Groundhog Day on Barcelona World Race
Published on February 12th, 2015
(February 12, 2015; Day 44) – It is one of those crazy moments that round the world ocean racers cherish, or at least amuses them: the Antimeridian. It is when East becomes West. Sailing eastwards, at one hundred and eighty degrees east, it is not so much Live Another Day, as Live the Same Day twice. The clock goes back 12 hours and the day happens again, in theory.
For Bernard Stamm and Jean Le Cam on Cheminées Poujoulat, nine circumnavigations between them, passing the Antimeridian today is merely another nice reminder they are homewards bound, closer to the finish than the start. Still making speeds north of 20kts and racking up 460-470 miles 24 hours runs, the Barcelona World Race leaders passed the Antimeridian at 1415hrs UTC today.
So at 0215hrs Friday their time, they revert to 0215hrs Thursday. They narrowly miss being able to claim Friday 13th part 2?
The Antimeridian is at 180 degrees to the Prime Meridian which passes through the Royal Observatory in Greenwich, England which sets the position of zero degrees of longitude. It was established in 1884 when the system of time zones and latitude and longitude were set.
Stamm and Le Cam’s margin over second places Neutrogena has doubled since Guillermo Altadill and José Munoz made the tough decision to divert to pitstop in Invercargill, South Island Ne w Zealand early yestrday morning. The Spanish-Chilean partnership have had a rough time, with winds of more than 40 kts yesterday and big seas, as they make for the Kiwi haven.
“The guys have been taking it a little bit easy and careful given the conditions as they don’t want to break anything on the way in. But we will be ready for them. We are set up for hopefully a fast repair, looking to ensure they dont take a second longer than the mandatory 24 hours. They have not been asking for anything other than the repair, they dont seem that bothered about comforts like showers and hot food, they just want to get on with it and get back out there,” said Ross Daniel, Technical Director of 5 West, the team which owns and manages the IMOCA 60 programme.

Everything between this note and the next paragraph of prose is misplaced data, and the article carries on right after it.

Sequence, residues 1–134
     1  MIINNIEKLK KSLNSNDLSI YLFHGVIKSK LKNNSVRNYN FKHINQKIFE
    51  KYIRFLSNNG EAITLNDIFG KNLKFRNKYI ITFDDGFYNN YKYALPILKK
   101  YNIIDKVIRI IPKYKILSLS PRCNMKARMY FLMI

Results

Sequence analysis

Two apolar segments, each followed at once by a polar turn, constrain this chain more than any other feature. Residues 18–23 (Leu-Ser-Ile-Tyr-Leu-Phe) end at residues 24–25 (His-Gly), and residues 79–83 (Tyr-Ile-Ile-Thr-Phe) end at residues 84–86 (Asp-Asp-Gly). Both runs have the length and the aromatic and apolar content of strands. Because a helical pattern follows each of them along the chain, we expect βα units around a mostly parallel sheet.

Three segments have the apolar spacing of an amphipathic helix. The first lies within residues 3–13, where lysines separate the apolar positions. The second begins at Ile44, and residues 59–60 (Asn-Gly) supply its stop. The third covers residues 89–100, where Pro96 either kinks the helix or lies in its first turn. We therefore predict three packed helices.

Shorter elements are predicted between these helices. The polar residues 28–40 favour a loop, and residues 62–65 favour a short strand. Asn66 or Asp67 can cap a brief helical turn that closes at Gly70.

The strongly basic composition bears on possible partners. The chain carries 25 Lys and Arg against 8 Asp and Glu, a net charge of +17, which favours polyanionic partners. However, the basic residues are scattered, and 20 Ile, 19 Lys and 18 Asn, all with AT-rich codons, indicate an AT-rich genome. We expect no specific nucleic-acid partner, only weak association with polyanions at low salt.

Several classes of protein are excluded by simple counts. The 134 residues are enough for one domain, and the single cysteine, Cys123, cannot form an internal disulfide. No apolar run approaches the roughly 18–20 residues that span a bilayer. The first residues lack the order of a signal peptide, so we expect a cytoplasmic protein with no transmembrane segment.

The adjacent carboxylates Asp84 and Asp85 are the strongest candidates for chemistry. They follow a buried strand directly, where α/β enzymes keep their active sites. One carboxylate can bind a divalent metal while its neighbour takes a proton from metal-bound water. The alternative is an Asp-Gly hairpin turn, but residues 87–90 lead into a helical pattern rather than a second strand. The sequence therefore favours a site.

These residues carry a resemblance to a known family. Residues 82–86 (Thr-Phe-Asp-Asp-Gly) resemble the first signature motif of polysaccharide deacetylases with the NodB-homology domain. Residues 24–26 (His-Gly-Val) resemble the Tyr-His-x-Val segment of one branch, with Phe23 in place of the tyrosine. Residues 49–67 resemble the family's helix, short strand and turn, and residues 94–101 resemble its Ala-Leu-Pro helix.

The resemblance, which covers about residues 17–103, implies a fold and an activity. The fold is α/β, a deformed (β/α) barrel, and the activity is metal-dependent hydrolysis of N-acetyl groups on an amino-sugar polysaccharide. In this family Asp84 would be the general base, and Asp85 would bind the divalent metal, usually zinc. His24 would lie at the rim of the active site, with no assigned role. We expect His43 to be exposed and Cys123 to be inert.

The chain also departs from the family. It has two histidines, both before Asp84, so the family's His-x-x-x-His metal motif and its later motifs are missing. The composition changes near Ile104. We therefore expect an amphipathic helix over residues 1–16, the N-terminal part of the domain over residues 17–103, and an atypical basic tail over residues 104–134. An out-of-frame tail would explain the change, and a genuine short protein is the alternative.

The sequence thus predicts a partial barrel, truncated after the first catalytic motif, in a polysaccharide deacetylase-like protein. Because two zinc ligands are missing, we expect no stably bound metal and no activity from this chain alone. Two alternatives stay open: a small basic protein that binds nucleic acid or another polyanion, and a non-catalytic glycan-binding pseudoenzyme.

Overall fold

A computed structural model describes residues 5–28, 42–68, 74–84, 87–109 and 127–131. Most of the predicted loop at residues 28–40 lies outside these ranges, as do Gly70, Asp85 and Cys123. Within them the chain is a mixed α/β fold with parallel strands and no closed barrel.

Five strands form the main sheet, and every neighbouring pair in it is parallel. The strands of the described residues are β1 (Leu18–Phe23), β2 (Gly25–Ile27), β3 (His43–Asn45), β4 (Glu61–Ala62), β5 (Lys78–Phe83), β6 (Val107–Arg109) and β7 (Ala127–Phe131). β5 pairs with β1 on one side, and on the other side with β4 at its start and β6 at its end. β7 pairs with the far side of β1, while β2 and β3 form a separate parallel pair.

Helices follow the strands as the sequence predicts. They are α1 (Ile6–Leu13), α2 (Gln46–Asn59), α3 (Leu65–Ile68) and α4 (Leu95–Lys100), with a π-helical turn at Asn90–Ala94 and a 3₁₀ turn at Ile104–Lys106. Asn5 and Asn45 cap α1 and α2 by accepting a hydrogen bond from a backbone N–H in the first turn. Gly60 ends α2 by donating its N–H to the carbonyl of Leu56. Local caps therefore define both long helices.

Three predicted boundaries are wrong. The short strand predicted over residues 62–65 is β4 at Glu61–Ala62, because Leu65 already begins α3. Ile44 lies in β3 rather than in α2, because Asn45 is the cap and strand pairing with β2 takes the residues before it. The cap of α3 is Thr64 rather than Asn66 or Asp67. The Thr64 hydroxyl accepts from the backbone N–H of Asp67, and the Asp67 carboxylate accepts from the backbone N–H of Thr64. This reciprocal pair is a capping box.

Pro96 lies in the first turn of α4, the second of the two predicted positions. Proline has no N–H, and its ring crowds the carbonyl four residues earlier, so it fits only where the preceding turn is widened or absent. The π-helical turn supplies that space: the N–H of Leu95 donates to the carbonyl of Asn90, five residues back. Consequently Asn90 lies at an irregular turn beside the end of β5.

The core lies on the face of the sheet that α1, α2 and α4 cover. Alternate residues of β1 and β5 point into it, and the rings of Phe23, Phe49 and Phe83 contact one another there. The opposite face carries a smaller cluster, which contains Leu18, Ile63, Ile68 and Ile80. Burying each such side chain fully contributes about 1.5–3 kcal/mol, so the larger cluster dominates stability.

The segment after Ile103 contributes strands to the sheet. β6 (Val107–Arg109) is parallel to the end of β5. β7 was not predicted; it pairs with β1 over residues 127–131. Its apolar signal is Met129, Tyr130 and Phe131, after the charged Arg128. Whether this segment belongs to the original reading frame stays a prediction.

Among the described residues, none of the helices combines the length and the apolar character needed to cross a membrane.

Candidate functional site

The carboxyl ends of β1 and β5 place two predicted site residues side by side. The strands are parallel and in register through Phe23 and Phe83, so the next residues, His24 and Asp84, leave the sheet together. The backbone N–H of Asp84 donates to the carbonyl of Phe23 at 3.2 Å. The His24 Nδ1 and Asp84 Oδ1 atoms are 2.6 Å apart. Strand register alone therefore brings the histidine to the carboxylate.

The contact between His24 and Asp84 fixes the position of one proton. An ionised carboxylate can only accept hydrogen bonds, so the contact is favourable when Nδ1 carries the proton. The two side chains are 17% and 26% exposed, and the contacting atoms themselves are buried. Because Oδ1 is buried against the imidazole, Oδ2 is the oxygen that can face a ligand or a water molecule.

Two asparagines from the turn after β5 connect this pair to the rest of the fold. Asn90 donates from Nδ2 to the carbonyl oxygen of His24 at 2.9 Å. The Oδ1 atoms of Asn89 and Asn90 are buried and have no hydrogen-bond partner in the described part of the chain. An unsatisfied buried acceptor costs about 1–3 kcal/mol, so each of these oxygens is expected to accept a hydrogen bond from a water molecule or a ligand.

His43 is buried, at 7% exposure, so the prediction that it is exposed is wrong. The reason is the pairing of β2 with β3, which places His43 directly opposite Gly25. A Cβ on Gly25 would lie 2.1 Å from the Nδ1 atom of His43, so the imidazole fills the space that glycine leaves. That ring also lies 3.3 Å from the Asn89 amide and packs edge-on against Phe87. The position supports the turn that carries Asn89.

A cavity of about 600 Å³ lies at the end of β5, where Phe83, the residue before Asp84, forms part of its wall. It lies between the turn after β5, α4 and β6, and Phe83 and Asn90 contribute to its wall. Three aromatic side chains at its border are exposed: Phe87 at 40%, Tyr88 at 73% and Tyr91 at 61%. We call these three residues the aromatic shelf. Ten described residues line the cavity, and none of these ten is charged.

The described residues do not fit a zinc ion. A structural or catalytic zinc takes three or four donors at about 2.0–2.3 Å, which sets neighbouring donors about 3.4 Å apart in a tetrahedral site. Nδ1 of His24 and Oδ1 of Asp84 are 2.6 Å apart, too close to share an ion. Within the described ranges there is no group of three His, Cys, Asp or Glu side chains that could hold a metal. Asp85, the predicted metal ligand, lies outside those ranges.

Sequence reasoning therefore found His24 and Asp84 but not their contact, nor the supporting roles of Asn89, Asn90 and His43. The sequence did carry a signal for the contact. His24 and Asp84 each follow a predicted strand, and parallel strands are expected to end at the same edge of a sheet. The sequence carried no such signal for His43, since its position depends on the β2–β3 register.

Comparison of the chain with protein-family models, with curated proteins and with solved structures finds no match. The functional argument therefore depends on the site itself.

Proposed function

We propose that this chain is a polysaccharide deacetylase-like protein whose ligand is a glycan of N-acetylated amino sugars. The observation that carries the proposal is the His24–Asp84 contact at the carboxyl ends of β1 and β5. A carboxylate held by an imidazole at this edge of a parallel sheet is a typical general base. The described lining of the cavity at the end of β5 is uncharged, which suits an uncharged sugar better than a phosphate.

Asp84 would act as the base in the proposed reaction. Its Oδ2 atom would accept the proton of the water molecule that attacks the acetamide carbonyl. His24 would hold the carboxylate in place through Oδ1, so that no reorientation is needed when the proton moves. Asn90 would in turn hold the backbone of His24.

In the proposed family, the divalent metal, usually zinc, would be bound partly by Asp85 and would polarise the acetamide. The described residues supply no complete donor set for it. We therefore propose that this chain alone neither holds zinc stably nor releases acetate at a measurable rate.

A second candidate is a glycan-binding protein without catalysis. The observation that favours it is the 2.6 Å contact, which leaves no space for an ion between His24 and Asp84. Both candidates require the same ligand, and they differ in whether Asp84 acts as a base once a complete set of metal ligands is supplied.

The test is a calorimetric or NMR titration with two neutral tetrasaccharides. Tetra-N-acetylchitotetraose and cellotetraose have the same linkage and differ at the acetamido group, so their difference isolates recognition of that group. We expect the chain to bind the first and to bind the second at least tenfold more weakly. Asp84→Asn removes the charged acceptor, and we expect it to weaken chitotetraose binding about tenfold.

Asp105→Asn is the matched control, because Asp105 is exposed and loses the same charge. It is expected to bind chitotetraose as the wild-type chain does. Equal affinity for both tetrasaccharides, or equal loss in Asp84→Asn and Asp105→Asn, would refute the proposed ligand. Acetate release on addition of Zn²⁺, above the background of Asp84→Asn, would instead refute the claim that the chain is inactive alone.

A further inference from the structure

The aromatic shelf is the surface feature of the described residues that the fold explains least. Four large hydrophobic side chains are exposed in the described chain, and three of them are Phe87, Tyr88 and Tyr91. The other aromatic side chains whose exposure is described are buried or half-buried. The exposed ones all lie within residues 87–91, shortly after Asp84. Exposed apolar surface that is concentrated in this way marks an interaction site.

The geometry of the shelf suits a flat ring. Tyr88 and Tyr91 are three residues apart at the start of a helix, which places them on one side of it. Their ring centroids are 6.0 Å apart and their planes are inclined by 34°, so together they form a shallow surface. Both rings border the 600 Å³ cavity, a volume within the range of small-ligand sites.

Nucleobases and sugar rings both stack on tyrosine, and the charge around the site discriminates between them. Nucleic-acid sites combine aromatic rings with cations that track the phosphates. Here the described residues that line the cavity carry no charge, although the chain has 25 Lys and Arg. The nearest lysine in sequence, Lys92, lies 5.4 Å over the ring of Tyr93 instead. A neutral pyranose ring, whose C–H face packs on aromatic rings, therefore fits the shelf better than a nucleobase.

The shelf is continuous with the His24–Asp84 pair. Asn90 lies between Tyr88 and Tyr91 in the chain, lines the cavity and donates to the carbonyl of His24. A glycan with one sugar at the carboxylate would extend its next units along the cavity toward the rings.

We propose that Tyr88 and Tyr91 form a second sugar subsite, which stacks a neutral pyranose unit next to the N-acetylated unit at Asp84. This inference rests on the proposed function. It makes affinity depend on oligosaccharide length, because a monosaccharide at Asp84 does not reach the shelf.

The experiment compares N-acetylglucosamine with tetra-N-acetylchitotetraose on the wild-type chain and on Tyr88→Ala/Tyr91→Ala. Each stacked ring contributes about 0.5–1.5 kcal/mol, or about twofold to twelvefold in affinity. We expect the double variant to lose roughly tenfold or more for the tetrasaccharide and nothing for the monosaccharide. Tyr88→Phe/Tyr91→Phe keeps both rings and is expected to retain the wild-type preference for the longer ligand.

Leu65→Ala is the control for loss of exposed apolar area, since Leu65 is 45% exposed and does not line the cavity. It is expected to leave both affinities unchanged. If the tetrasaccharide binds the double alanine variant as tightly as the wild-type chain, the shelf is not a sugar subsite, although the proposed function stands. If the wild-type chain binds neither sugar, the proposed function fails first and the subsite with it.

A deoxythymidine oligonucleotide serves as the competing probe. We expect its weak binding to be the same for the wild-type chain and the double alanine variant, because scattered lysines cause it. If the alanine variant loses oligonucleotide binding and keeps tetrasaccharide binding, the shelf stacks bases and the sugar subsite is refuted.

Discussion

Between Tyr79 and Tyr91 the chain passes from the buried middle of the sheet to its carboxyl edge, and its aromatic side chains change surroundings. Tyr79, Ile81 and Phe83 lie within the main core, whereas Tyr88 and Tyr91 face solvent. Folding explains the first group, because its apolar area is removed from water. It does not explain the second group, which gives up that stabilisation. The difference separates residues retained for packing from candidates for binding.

Neutrogena are due in for their pit stop early Friday morning UTC. A technical team comprising local Kiwi experts and a member of the 5 West shore team will be on the dock.
The Neutrogena team remain positive that they can be back on the race course swiftly, maintaining second place ahead of GAES Centros Auditivos. Anna Corbella and Gerard Marín were still 934 miles to the west of Neutrogena, having just sailed 406 miles in the last 24 hours. The GAES Centros Auditivos pair should pass in to the Pacific tomorrow, Friday.
Renault Captur’s Jorg Riechers and Sébastien Audigane who remain about 285 miles behind GAES Centros Auditivos, took time today for a video conference for Renault their sponsors, talking about the core values which they hold dear to making it work best between the two co-skippers:
“We make sure we spend time together. We don’t just pass each other as we swap to go on deck. To perform on the water you have to be a team and work as a team, whether that is manoeuvres, navigation, maintenance, daily chores. You have to work hand in hand. We could not make it work as two individuals,” said Audigane, while it was obvious from the candid images that the two enjoy a strong relationship, tempered ever stronger by battling through 50-60kt winds two days ago.
The Frenchman however noted wryly in an email that their 42 days to Cape Leeuwin felt slow compared to his 50 days Jules Verne record breaking circumnavigation on Orange II exactly 10 years ago. With a 13 man crew skippered by Bruno Peyron that actually included race leader Bernard Stamm and Barcelona World Race Director Jacques Caraes, Audigane was part of the team which set the mark at 50 days, 16 hours, 20 minutes and 4 seconds, achieving an average speed of 22.2 knots.
On We Are Water, Bruno and Willy Garcia are due to pass Cape Leeuwin this afternoon in fifth place. One Planet One Ocean’s Aleix Gelabert and DidacCosta are emerging from a period of very strong winds and big seas, their first big Southern Ocean storm. And Nandor Fa and Conrad Colman have now passed the longitude of the Kerguelen Islands and are back up to 17kts.
Ranking at 14:00 UTC:
1. Cheminées Poujoulat (Bernard Stamm – Jean Le Cam) 11034.2 nm Distance to Finish
2. Neutrogena (Guillermo Altadill – Jose Muñoz) 615.4 nm Distance to Lead
3. GAES Centros Auditivos (Anna Corbella – Gerard Marin) 1549.8 nm DTL
4. Renault Captur (Jörg Riechers – Sebastien Audigane) 1834.5 nm DTL
5. We Are Water (Bruno Garcia – Willy Garcia) 2650.0 nm DTL
6. One Planet One Ocean / Pharmaton (Aleix Gelabert – Didac Costa) 3559.2 nm DTL
7. Spirit of Hungary (Nandor Fa – Conrad Colman) 4280.0 nm DTL
Hugo Boss (Alex Thomson – Pepe Ribes) Abandon
Report by event media.
Background: The third edition of the Barcelona World Race is the only double-handed, non-stop, round the world race. Eight IMOCA 60 teams started December 31, 2014, with the intent to cover 23,450 nautical miles in a circumnavigation from Barcelona to Barcelona, putting the capes of Good Hope (South Africa), Leeuwin (Australia) and Horn (Chile) to port and the Antarctic to starboard. The finishes are forecasted for the end of March 2015.